“This is Susan Hall, the girl who received a proposal of marriage via the newspapers. The young man is now Pilot Officer Gerald Davies, on service in Greece, the sender of the proposal. He was explaining to a reporter that the reason he got lost on a bombing trip was that he had left his mascot – a picture of Miss Hall – behind. No, it wasn’t his wife, but … “you can tell her I am going to marry her after this job is over. She doesn’t know it yet, but this goes as a proposal.”
“Tragically, he never did get to make that proposal in person,” says Nigel Williams.
But what first encouraged Nigel Williams to delve so deeply into the past of his relative?
“Aside from a general interest, I happened to be reading Roald Dahl’s autobiography ‘Going Solo’, which gives an account of Roald Dahl’s life as a Hurricane pilot during the Second World War, when I noted that he had been in service in Greece at the same time and location as my Uncle Gerald.
Roald Dahl was the pilot of a Hawker Hurricane and was in Greece protecting the ‘slow’ aircraft, one of which was flown by my uncle, Gerald Davies. Sadly, the British were ill equipped at that time, in comparison with the Germans”. Writing about his experience, Dahl described “an endless blur of enemy fighters whizzing towards me from every side”. Roald Dahl piloted one of the last two British aircraft in Greece at that time in 1941, before the Germans overran the country in May. Luckily, Dahl escaped and was one of only two pilots to make it out of Greece following that fateful that Easter 1941.
In the 1960’s the crash site of Gerald Davies’ aircraft was found in Northern Greece, and human remains were transferred to the Phaleron War Cemetery in Athens. This is where Gerald Davies now lies at rest, in a Commonwealth War Grave Cemetery in the Greek Capital which overlooks the sea. Had he survived the war, it is possible he would still be alive and in his nineties.
Nigel Williams said: “The value of Gerald Davies’ contribution to the outcome of World War II cannot be understated, yet he, like many others, received no medals and no accolades for this. We must never forget the part these brave heroes and heroines played during this period of world turmoil. This is also why it is so important to me that the values that the likes of my Uncle Gerald fought and died for, are not thrown away.”
In a previous career, Nigel Williams was a teacher. When taking school assembly for Remembrance Day he would tell the pupils about how one of their favourite authors was lucky to escape the war – if he had not, generations of children would have missed his stories. But having had an Uncle who served alongside the great story teller, helps to bring the point home: “Much was sacrificed by loved ones, members of our own families, some-one’s son or daughter, a brother, a future spouse, an uncle, so that we can be free today”. “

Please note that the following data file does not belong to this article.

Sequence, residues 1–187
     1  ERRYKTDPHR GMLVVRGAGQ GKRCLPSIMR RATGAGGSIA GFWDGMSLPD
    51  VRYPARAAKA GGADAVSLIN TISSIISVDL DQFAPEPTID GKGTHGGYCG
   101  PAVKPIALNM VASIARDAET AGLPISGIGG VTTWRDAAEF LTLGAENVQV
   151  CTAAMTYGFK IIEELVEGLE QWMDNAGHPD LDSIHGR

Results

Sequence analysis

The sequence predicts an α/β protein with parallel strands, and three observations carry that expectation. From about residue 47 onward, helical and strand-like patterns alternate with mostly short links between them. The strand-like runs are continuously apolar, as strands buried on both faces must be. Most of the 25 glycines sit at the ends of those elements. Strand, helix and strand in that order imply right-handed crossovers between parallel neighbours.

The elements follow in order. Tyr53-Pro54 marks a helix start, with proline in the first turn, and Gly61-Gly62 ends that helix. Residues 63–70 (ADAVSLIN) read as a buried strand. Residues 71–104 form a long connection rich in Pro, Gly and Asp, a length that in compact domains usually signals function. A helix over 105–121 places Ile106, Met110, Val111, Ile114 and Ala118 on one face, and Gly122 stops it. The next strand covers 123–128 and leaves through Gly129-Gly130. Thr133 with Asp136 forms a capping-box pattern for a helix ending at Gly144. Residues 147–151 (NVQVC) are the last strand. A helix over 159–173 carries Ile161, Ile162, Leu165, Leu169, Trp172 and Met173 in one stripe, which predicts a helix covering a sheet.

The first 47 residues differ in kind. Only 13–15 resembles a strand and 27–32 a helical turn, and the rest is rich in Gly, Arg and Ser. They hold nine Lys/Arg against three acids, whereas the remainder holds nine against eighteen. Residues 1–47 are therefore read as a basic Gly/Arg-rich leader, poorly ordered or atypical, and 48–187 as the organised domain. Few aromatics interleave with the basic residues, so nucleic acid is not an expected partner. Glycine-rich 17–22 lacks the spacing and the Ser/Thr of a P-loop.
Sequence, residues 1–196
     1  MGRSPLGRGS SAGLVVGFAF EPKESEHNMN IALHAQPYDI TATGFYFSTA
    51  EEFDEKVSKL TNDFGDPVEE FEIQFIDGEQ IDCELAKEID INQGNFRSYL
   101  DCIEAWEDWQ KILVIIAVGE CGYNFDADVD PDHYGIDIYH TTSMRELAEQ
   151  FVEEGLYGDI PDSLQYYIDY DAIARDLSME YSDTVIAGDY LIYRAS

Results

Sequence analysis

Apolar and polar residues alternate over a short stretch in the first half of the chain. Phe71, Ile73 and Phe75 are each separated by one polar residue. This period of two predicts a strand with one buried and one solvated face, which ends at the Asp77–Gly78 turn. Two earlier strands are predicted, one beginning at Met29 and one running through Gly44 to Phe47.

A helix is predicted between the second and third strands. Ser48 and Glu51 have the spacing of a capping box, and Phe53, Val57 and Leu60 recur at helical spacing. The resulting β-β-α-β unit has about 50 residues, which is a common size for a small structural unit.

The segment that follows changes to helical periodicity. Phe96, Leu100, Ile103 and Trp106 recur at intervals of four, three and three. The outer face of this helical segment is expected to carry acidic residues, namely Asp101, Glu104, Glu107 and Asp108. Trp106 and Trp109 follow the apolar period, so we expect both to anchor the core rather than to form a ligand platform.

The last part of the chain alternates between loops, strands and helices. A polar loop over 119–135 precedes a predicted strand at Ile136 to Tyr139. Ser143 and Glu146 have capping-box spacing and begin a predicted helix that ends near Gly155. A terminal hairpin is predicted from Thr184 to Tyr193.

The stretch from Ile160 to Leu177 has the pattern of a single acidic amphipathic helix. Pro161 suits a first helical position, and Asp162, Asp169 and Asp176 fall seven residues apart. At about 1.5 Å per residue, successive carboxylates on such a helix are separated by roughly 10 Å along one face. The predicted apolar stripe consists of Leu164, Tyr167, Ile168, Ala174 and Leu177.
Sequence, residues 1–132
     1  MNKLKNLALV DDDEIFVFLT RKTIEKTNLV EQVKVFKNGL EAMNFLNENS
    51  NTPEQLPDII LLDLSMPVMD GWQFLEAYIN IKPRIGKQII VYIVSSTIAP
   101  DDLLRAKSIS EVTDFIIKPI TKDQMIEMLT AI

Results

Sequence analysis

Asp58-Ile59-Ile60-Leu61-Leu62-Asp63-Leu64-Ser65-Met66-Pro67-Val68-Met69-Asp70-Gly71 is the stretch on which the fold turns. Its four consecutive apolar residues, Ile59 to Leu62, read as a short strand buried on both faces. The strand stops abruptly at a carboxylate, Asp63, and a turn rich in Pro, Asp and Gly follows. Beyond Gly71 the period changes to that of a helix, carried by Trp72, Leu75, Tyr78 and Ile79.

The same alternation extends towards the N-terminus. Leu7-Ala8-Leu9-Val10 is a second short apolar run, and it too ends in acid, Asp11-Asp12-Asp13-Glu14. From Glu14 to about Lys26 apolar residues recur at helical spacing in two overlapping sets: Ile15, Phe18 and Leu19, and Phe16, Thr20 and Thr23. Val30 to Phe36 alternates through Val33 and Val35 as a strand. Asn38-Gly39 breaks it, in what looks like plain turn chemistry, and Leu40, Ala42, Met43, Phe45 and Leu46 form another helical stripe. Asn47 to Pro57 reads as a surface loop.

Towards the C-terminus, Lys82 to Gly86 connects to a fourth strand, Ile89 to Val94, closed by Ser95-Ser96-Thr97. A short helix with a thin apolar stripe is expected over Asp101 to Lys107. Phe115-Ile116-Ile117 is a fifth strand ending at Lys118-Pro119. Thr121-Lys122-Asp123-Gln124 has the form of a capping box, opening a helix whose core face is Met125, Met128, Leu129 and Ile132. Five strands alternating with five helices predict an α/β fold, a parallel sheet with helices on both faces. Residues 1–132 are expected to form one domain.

Between 1937 and 1946 the members of 211 Squadron were awarded three Distinguished Service Orders, 27 Distinguished Flying Crosses and one Bar, eight Distinguished Flying Medals, five mentions in dispatches, and four awards from other countries.
This Squadron Leader was also killed on the same day:-
Squadron Leader A.T. Irvine March–April 1941 KIA, 13 April 1941
I downloaded the London Gazette and found Squadron Leader A.T. Irvine’s name mentioned – ROYAL AIR FORCE.
The KING has been graciously pleased to
approve the following awards to the undermentioned
officers and airmen: — Squadron Leaders A.T. IRVINE (36090). Missing.
As can be seen from Nigel’s contribution above, S/Ldr Irvine was indeed with Gerald.
I also downloaded the Operation Record Book for 211 Sqn, which is like a War Diary, and extracted this:-
12th April Three raids were carried out on the enemy advancing north of VALONA. One in the morning , one in the afternoon, and one at dusk. S/Ldr. IRVINE led each raid and all the aircraft returned safely.
13th April Raid carried out on OUKES west of LAKE OCHRIDA. Dur. 1 hour 25 mins.Raid on RESAN, Yugoslavia. Duration 1 hr. 25 mins. From both these raids all our aircraft returned safely. The third raid of the day was carried out on MONASTIR, by six aircraft. W/Cmdr. COOTE & S/Ldr. CRYER took the places of two regular observers.
NONE OF THE AIRCRAFT RETURNED FROM THIS OPERATION.
As also mentioned by Nigel there was a sad love story and also below are the articles mentioned, this makes the story more poignant, I wonder what happened to Susan? Gerald was perhaps indicative of the times, living for the moment, not knowing what tomorrow may bring, bless him.(Please see the articles below.)
Gerald’s mother Florence married Richard Charles GOLD in 1925 in Hawarden. They had 2 sons, Victor GOLD (1925) and Dilwyn R. GOLD (1926) (Thanks again to Nigel)
The Commonwealth War Graves Commission reports also adds to the end of the story of Gerald, his “A” Flight crewmembers on L8478 and L4819 and “B” Flight crewmembers on L8449 that are mentioned above. See the CWGC reports below.